Best of the Net

To launch or expand a company in times like these is an act of defiant optimism. But even optimists need to make payroll. How much will you have to pay to attract or keep the kind of talent your new venture will need?

The Web can help. Dozens of sites report salary data: sites for job hunters, for corporate managers relocating to a new city, and for compensation professionals who set pay rates in large companies. There are even salary-data sites for entrepreneurs like you.

All that information would be too much of a good thing -- if it were useful to growing businesses. The bad news is that even the best salary sites get most, if not all, of their data from surveys conducted at large companies. Small businesses are for the most part left out of the picture. Even small cities are often ignored. Moreover, some sites -- admittedly the very worst -- let Web surfers input their own data with no external checks on the accuracy of their entries.

One challenge, then, is to find reliable, useful numbers that you can access quickly, preferably at no cost. With those criteria in mind, we narrowed the field of salary-data Web sites to just four:,,, and the online version of Occupational Outlook Handbook, posted by the Bureau of Labor Statistics. Then we asked a panel of compensation experts to review them: Matt Ward, CEO at WestWard Pay Strategies Inc., an executive-pay consulting firm in San Francisco; Raylana S. Anderson, owner and president of Anderson Consulting, an HR adviser in Peoria, Ill.; and Kathy B. Rogers, president and CEO of staffing company Time Services Inc., in Fort Wayne, Ind.

While our judges liked much of what they saw, they also warned that salary surveys should be only one of many sources you consider when setting pay scales. Similarly, they unanimously recommended checking out multiple salary sites rather than relying on just one; reading the survey notes carefully; and taking what you find with a large grain of salt. For one, consider that most salary surveys are out-of-date as soon as they appear, the judges said. Also, try to determine when, why, and how the raw information was collected; then look at how the site reached its conclusions. Most important, remember that only you can decide whether a salary site's findings are relevant to your company, job descriptions, and goals.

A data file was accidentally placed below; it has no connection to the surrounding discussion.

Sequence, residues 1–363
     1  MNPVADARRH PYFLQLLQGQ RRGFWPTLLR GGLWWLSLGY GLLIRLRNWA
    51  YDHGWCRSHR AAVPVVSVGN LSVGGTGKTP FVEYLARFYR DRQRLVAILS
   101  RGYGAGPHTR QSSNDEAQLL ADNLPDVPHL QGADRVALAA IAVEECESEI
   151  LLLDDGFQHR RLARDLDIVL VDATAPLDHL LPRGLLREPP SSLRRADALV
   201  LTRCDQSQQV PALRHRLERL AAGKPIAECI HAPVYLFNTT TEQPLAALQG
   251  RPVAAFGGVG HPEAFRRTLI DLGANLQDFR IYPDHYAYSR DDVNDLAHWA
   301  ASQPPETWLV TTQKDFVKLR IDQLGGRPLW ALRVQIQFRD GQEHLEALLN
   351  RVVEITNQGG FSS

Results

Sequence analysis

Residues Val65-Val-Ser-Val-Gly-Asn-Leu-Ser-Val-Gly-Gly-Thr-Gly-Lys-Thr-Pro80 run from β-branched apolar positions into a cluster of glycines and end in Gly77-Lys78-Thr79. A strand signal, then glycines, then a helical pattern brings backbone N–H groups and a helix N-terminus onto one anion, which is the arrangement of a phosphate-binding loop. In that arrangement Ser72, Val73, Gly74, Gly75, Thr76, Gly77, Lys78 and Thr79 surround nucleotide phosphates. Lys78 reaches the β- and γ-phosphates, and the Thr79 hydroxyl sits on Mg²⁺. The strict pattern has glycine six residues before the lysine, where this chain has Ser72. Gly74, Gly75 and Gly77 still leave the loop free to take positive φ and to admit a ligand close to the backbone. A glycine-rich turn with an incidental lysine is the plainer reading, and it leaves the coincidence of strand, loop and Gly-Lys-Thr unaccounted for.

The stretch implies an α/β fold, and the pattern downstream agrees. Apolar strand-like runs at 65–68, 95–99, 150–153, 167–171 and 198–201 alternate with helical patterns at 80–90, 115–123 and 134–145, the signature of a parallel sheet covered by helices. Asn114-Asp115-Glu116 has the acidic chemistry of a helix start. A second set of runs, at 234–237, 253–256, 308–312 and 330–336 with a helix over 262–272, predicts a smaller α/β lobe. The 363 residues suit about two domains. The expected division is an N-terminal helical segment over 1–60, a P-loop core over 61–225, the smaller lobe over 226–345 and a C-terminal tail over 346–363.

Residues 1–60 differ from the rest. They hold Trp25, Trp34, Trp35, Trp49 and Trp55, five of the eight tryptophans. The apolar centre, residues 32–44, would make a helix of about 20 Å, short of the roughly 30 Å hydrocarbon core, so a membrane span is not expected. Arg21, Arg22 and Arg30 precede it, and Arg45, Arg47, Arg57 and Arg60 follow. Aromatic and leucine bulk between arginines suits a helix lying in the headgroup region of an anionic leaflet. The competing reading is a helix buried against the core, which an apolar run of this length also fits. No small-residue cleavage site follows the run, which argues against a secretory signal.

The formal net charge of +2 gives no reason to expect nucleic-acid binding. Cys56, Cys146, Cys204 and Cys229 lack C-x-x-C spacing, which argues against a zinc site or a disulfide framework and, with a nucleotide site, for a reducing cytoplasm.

Jane Salodof MacNeil is a freelance writer in Groveland, Mass.

The Savvy Entrepreneur's Guide to Salary Data on the Web
Site What it's good for Don't waste your time if What our CEOs had to say What you should know
Base pay for 4,000 job titles, searchable by either keyword or job category. You want to see pay levels sorted by company size or industry. "It's comprehensive, quick, and easy to navigate," said Kathy Rogers, who ranked as her favorite of the four sites. Data for national averages are purchased from compensation consultants.
Salary data by city, state, and job position -- plus comparisons with national norms. You want pay levels sorted by company size or industry, or pay levels for executive-level jobs. SalaryExpert was Raylana Anderson's favorite of the four sites. She praised its valid data and solid methodology. Salary data come from the Economic Research Institute, a well-respected industry source.
General career, relocation, and headhunter information. You expect the site's salary wizard to follow a consistent standard. Matt Ward called it his least favorite of the four sites. "Not for CEOs," he said. "Can't find pay info that's meaningful." Editorial content comes from the Wall Street Journal. (Both the site and newspaper are owned by Dow Jones & Co.)
Occupational Outlook Handbook
Detailed descriptions of occupations, useful in defining job responsibilities. You want the latest pay data. Most of the salary numbers date back to 1998. Two reviewers complained that the salary numbers were both outdated and buried in text. On this government site, the key word is outlook. Job-market changes are forecast through 2008.

Copyright © 2001 Jane Salodof MacNeil.

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